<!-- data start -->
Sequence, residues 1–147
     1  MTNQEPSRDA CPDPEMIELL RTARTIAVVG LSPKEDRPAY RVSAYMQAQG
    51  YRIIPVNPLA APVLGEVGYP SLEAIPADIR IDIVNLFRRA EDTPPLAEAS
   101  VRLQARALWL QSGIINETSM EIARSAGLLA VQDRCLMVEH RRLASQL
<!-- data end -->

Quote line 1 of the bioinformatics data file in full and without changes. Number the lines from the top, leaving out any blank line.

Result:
Sequence, residues 1–147